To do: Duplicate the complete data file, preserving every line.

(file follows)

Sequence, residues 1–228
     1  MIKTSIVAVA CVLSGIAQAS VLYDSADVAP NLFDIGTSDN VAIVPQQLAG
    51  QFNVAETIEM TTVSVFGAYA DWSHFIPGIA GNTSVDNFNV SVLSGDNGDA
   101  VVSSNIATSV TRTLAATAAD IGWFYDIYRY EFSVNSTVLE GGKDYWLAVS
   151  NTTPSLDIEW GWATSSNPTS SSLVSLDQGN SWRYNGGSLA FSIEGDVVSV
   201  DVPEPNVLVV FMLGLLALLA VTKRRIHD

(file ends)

Sequence, residues 1–228
     1  MIKTSIVAVA CVLSGIAQAS VLYDSADVAP NLFDIGTSDN VAIVPQQLAG
    51  QFNVAETIEM TTVSVFGAYA DWSHFIPGIA GNTSVDNFNV SVLSGDNGDA
   101  VVSSNIATSV TRTLAATAAD IGWFYDIYRY EFSVNSTVLE GGKDYWLAVS
   151  NTTPSLDIEW GWATSSNPTS SSLVSLDQGN SWRYNGGSLA FSIEGDVVSV
   201  DVPEPNVLVV FMLGLLALLA VTKRRIHD